The City of Toronto once again hosted its annual D-Day ceremony with special dedication to its 70th Anniversary. The City of Toronto paid tribute to both the 50 Torontonians who died on 6 June 1944, as well as the 359 soldiers from across Canada who were killed on that day.
Held at Nathan Phillip Square, Toronto City Deputy Mayor Norm Kelly provided opening remarks and made the announcement that 6 June would now be officially known as Toronto Remembers D-Day.
Following the Deputy Mayor, heartfelt speeches were provided from D-Day veteran, Alex Adair; Joanne O’Halloran, daughter of D-Day veteran Edward O’Halloran; and Cassandra Anderton, granddaughter of D-Day veteran Weldon Clark. All speakers touched on different aspects of D-Day and the impact it had on them and their families, even decades later. Emphasis was also placed on the importance to always remember, and to ensure these stories continue to be passed down.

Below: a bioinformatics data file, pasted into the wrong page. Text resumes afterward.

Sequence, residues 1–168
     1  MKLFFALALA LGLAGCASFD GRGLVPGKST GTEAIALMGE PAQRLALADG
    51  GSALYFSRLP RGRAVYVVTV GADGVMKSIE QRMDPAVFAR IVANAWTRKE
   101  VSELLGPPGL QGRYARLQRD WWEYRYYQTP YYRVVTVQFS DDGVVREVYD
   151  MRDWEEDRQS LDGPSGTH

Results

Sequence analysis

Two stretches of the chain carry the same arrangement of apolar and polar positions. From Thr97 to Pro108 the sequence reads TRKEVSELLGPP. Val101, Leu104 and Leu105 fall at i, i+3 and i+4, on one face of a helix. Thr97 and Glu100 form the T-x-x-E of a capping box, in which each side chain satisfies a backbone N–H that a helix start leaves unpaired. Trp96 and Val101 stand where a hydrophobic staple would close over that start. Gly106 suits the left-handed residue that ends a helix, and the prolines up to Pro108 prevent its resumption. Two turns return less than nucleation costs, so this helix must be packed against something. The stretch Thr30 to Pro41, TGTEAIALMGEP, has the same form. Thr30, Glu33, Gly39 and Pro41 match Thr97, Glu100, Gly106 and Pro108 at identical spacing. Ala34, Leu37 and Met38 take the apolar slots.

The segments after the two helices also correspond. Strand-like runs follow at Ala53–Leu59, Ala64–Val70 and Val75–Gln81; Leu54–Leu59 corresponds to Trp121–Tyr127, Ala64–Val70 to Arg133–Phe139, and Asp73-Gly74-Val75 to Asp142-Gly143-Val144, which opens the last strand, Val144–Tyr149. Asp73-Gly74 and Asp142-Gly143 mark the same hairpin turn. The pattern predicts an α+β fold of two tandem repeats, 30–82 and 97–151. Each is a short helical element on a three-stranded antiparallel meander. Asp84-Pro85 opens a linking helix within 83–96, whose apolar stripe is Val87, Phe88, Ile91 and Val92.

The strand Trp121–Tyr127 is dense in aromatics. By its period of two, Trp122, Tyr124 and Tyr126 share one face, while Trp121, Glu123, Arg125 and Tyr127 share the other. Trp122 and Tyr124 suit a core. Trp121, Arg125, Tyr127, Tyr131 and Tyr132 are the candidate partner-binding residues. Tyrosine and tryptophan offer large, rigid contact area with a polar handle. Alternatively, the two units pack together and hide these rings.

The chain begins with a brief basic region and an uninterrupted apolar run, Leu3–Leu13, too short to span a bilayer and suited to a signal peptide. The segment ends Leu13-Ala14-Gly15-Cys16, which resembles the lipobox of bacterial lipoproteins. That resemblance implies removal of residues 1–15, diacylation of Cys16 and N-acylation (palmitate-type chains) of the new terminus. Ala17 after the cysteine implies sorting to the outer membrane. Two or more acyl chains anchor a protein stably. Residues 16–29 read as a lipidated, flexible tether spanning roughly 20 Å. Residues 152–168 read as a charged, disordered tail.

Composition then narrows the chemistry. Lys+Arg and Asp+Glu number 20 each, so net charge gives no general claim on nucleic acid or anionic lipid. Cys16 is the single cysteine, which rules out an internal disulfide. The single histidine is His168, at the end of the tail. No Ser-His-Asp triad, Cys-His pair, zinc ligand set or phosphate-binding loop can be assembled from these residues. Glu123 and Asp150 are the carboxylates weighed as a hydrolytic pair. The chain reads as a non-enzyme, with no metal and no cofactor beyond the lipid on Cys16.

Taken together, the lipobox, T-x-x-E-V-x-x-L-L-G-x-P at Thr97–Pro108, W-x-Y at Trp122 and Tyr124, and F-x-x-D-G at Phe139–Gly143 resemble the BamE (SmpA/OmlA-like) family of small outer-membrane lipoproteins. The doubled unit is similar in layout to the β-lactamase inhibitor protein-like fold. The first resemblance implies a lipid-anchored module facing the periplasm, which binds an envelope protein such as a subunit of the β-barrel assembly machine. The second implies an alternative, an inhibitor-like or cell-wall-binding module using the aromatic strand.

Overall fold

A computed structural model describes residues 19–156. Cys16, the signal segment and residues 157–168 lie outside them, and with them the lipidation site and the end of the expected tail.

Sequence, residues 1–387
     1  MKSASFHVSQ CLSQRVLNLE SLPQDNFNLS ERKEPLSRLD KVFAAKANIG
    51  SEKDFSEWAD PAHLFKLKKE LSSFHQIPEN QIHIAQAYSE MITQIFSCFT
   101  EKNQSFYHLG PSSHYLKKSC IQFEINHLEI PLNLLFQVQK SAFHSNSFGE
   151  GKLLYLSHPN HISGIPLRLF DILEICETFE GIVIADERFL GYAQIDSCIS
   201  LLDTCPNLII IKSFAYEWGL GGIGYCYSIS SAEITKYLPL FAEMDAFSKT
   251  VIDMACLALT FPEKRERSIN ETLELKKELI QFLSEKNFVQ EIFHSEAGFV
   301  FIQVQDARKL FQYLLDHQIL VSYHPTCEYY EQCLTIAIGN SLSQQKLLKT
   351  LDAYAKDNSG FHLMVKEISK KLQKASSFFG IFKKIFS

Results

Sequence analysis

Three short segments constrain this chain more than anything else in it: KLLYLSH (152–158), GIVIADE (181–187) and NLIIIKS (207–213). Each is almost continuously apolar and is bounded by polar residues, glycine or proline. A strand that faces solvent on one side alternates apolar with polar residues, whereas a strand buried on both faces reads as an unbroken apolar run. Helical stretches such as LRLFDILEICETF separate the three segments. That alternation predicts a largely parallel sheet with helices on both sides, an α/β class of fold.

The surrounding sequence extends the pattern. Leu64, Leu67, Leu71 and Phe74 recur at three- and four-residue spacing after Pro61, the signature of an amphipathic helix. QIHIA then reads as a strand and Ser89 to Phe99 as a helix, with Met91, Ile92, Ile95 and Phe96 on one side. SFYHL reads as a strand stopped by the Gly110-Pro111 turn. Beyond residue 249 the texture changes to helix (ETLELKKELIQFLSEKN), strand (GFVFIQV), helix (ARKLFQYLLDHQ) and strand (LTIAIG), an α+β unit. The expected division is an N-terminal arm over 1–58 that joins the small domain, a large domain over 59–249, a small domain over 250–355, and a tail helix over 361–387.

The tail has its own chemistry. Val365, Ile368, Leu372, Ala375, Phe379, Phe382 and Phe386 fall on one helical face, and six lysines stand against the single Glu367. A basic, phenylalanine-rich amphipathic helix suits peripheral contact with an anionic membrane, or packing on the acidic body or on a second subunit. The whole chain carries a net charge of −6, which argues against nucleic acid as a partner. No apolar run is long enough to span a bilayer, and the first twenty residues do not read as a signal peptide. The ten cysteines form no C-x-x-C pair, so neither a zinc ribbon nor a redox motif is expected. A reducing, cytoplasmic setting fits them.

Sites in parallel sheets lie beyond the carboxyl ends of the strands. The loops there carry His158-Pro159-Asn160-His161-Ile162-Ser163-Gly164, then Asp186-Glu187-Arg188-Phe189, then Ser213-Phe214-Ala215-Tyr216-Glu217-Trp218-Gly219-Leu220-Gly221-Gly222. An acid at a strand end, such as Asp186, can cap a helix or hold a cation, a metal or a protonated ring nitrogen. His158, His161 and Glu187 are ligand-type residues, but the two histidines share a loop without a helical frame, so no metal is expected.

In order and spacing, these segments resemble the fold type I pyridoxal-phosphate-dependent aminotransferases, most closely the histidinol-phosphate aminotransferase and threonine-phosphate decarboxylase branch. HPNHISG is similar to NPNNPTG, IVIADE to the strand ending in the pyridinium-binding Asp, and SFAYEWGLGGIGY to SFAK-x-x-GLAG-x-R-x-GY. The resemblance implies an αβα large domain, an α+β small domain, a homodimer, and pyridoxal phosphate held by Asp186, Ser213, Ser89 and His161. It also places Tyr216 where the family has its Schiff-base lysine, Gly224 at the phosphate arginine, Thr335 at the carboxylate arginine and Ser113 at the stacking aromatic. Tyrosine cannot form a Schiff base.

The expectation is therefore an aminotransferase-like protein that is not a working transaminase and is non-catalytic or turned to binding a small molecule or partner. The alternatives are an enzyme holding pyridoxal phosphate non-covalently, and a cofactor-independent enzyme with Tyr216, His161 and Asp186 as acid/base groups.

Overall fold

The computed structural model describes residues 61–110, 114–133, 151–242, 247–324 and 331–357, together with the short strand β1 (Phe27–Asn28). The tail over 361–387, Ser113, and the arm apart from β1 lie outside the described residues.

The ceremony also included a parade featuring the Toronto Fire Services Pipe and Drum Band, the Toronto Transit Commission Supervisory Honour Guard, and Toronto Emergency Medical Services, among others. The event also included war-era music, sung by both veterans and youth choirs, as well as the lowering of the Canadian flag by veteran Charles Jennings followed by a moment of silence.
Some Photographs courtesy of The City of Toronto.
Dispatches from Juno shares all the news, events, and stories from the Juno Beach Centre in France and Canada. Interested in contributing a story to the blog? Email the editor at email@example.com.